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5 of 7 people found the following review helpful
4.0 out of 5 stars art imitating life imitating art ..., 7 Feb. 2003
This review is from: Dorian: An Imitation (Hardcover)
Will Self naturally leaves himself open to critics who wish to compare his work to Wilde's original, but there is no need constantly to assess how the one stands up against the other. Surely he wasn't intent on writing this particular novel to prove himself a better writer than Wilde, but rather to make his own statement on beauty, the passing of time and the general zeitgeist. Time for a reworking of an old classic? Why not?
Will Self impresses as a wordsmith. And what he creates is an illusion: we are not to take his characters seriously; indeed, they all find it difficult to take themselves seriously. The overabundance of exquisite similes and metaphors allows the author to hide behind language,to create an illusion; that is to say that the world he describes - an excess of sex, vanity and drug use - is a disgusting one, but their vile impact is much attenuated by Self's use of words. Just as the Cathode Narcissus is an illusion of eternal beauty (even the VHS tapes of the Narcissus wither with age), so too Self's language creates an illusory sense that all is rosy in Wootton's world. We aren't to take anything at face value by a long stretch. We might try to read Dorian, perhaps, as one might watch a film from the surrealist era: it is difficult to differentiate in the novel between what is real and what is imagined: can there really be a 'jiggling man' who spends all day rocking back and forth? Can it be possible for anyone to say so young and free from the ravages of time and disease as Dorian? Can a magical piece of art like the Cathode Narcissus possibly exist in a real world? All very unlikely and yet portrayed by Self as perfectly real.
You can almost tell that, as he writes, Self is having fun - he enjoys the act of writing and creating a novel. From the quips uttered by Wootton to the alliteration of some tripartite descriptions of dream sequences, it would be absurd to ignore the fact that Self is totally self-conscious as he writes; he's having fun and there is no reason why we should get overly obsessed with the substance and ignore the style. I'm not applauding Self because he's slightly more difficult to read than your average contemporary author - it's more that this difficulty becomes a treat since it seems to come so effortlessly to the writer and, eventually, becomes highly accessible to the reader. And, to repeat the point made above, the substance or themes of the book are so concerned with illusion versus reality (Henry making a show of his entire life, Batface ignoring the sham of their wedding, Baz struggling to come to terms with his illness, the garden's obstinate refusal to recognize the passing of the seasons, drugs and the way they have of corrupting our image of the world outside and of ourselves, etc.) that if the style of the writer can help reinforce the point, so much the better. A style obsessed with the act of illusion or dissembling used to describe a world intent on lying to itself as it refuses to recognize the passage of time. And if ever there was a desire to refuse the 'surrealism' of the work, the epilogue settles it - it tries to pass off the whole story as the creation of a bitter, dying AIDS sufferer, but ends up confusing Wootton's creation with the real world and the reader is left wondering which is which?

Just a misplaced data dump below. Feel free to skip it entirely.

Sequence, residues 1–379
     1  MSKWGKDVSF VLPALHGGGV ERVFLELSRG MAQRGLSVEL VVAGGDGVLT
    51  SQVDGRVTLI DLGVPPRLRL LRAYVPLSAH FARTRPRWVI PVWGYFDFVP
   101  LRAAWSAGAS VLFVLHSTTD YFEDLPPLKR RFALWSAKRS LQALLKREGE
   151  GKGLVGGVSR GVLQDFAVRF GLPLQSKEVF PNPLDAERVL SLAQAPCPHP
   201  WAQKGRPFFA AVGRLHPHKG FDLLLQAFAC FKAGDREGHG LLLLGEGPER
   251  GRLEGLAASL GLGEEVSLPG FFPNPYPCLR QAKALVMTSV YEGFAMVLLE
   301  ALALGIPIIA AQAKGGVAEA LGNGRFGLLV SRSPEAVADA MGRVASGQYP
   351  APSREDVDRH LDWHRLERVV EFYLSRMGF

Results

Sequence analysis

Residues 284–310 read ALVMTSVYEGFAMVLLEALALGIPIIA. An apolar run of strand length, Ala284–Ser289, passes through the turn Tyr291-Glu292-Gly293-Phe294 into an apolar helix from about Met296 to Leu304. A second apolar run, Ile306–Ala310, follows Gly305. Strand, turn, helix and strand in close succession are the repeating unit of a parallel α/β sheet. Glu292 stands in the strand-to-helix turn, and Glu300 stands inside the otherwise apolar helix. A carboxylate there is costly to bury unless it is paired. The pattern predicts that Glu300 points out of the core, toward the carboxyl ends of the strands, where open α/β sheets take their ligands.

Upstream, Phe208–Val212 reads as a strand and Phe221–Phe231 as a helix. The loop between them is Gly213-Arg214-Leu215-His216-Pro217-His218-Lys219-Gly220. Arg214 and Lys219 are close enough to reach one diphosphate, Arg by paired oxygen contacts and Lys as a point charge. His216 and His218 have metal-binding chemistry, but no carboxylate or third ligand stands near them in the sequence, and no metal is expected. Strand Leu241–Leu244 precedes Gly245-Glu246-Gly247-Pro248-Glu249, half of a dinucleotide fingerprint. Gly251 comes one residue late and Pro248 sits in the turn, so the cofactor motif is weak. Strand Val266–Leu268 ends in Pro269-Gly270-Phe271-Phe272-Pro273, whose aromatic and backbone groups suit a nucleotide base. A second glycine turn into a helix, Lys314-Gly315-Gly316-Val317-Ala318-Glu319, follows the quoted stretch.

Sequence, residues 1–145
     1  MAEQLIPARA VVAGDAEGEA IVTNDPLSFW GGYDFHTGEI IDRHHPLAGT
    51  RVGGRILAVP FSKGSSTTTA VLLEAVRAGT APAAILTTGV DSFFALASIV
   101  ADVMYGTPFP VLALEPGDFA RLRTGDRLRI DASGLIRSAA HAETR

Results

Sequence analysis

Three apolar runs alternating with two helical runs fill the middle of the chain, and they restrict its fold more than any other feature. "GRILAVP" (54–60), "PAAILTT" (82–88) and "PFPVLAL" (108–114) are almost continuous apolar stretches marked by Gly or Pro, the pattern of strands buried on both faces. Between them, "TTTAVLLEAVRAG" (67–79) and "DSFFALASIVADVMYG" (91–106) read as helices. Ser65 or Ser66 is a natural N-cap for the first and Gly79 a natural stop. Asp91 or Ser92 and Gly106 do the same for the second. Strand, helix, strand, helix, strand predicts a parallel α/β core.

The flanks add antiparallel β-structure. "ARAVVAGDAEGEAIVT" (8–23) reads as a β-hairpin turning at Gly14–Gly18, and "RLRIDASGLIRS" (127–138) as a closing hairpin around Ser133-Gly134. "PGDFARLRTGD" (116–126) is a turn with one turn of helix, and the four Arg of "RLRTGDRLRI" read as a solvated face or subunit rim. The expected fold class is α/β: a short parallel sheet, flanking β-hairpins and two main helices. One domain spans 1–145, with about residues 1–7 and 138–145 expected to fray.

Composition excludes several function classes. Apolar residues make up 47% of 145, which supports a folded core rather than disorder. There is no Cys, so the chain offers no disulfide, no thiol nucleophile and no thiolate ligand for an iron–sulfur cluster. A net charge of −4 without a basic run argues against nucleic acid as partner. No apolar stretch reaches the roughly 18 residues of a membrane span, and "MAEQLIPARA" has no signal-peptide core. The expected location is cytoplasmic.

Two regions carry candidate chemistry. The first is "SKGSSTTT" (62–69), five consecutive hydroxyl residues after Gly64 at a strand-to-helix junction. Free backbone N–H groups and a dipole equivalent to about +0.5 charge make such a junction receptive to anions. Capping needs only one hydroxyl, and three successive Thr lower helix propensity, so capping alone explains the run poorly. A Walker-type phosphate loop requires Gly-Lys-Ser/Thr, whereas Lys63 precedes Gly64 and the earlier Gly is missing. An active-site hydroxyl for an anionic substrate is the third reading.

And then, you can discuss the 'themes' until you're blue in the face. Is Self's description of the London homosexual scene lacking in credibility? Undoubtedly. Ditto the drugs scene. I doubt he was aiming at a true representation of these; rather, as with everything else, Self exaggerates unashamedly to give life and fun to his novel - no nuclear families going on a weekend trip to the park in a Ford Mondeo for Mr Self, it would be far too dull.
If you want to pick holes in the novel, there are plenty of places to start - compare it to Wilde's, bemoan his slapdash approach in describing contemporary Britain ... and so on. I thought it was fantastic - he's set himself limits in what he wants to describe, how he's going to describe it, how's he going to write about it. His characters are too shallow for you? They're supposed to be, we live in a shallow world where any idea of depth is, for Self, illusory. The deceptions and conceits we use to describe our world are far more exciting than the world itself and, anyway, whatever is hidden always ends up by being discovered - the murders are solved, death catches up with all the characters who seek to deny its existence and so on.
All remarkably taut and, for the reworking of an idea, not a bad addition to the original idea at all. What I mean is, when you read some of the drivel that gets the Booker, you wonder why slightly risqué or original authors like Self (or Julian Barnes) don't get a look in. I'm glad I read it.
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